Terry_logo Google have been the darlings of the web world for quite some time, and yes, they have provided some pretty good stuff for free. But it is one thing to provide tools and technology, and quite another to actually ENGAGE with consumers … I think they prefer to call us "users".

My friend Terry has a website where he posts his flash games. He makes them for himself and gets a genuine kick out of the responses he gets from the people who play them. After quite some time, his site started to attract a bit of traffic, so he turned to Google Ads to help pay for his hosting. And while he thought deeply about placing advertising on his site, he also realised that he didn’t really have a choice … his hosting provider was already closing down the site due to its popularity — it was either upgrade or go home. And as you know, that costs money.

Things had been going well … until an email arrived from Google. They had detected fraudulent activity on his site and were cancelling his account. Immediately.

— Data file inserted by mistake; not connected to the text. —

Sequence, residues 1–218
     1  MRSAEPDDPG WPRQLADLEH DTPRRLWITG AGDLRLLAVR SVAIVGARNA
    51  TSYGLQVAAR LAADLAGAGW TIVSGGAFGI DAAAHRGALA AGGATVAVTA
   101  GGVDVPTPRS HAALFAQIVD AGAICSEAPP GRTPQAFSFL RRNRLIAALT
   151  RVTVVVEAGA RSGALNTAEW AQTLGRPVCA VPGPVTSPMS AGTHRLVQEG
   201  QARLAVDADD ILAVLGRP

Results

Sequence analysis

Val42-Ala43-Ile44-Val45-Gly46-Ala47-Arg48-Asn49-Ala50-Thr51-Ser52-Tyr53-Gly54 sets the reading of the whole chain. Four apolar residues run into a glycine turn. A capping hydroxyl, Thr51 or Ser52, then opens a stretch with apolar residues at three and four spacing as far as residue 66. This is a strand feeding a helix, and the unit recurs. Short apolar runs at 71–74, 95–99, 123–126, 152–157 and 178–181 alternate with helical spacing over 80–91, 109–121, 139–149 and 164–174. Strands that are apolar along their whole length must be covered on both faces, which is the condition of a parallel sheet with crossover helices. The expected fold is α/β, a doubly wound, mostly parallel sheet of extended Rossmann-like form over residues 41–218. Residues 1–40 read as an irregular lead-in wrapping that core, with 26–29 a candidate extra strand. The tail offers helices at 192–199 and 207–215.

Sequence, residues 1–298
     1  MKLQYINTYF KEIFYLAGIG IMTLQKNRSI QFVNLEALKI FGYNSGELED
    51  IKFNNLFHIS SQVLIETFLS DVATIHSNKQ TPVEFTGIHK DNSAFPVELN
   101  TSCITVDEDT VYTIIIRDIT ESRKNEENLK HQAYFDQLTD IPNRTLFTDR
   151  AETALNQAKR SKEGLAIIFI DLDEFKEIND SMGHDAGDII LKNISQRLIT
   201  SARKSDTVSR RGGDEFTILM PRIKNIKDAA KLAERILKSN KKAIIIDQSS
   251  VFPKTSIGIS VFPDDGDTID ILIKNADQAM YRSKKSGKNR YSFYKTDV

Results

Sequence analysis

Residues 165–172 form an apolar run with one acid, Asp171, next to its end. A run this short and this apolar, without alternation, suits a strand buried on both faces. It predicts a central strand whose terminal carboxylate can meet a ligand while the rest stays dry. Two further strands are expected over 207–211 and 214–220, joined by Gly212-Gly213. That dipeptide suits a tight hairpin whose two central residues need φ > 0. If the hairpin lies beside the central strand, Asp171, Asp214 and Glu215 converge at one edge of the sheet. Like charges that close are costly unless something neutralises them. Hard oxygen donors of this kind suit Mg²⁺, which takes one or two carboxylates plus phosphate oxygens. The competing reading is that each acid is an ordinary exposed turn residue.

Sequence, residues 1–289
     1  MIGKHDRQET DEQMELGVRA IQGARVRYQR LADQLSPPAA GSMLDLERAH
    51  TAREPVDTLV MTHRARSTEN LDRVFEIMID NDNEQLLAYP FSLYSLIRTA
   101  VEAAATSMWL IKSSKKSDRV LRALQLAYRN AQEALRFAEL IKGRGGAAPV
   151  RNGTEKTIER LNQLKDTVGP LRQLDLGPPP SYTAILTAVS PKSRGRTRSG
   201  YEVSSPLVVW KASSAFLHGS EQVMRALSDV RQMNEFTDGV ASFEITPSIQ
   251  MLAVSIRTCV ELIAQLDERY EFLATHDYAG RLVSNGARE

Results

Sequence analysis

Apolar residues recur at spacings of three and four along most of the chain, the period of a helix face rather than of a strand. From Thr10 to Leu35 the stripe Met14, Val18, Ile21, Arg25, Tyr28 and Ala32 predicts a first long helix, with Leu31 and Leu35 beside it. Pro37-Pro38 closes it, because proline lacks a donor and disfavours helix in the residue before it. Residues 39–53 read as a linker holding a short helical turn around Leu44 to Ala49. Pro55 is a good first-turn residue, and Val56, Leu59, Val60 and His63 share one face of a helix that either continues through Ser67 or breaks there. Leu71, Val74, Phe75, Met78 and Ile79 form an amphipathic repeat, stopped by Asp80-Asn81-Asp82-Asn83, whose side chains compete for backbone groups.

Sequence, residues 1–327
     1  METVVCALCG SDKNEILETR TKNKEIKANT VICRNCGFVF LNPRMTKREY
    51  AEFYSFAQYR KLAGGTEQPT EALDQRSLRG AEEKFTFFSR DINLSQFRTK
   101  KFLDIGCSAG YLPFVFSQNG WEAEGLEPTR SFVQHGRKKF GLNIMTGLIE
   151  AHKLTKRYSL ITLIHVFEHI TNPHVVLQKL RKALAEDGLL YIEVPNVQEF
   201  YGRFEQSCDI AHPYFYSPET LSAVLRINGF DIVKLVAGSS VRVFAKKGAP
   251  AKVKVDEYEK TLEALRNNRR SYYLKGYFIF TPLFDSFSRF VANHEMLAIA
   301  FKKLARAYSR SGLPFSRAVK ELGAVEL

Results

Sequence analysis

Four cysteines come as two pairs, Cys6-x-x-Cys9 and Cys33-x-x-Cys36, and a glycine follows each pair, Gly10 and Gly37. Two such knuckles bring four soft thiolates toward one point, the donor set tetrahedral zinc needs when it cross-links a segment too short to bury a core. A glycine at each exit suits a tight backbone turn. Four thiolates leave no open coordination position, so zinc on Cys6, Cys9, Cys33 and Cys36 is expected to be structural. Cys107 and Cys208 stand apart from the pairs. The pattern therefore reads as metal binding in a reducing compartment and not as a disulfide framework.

Of course, a number of Internet companies talk about openness and transparency … but it seems very few practise it. How do you appeal a decision to cancel your account? Who do you talk to? It seems that the only way to find out is to use a search engine to find out. Certainly there is nothing on the specific Google sites to help. And, of course, the best information was to be found on blog sites.

So after following an appeals process, Terry was duly informed that fraudulent behaviour (ie automated clicking) WAS detected on his site and that the appeal was rejected, and there was nothing more he could do about it. The behemoth had spoken. There is NO SOUP FOR YOU.

It is a shame that the companies like Google and Apple (who I have whinged about before … don’t start me on iPods again!) who have deep community support and the technology (and resources) to ENGAGE in dialogue with their communities simply refuse to do so. By doing so, they very quickly and radically turn evangelists into the opposite … these are the negative brand stories that can also spread quickly.

Did Terry cry like a baby? Well not that he told me … but it is nice to see that Google is starting to feel a little bit whiney.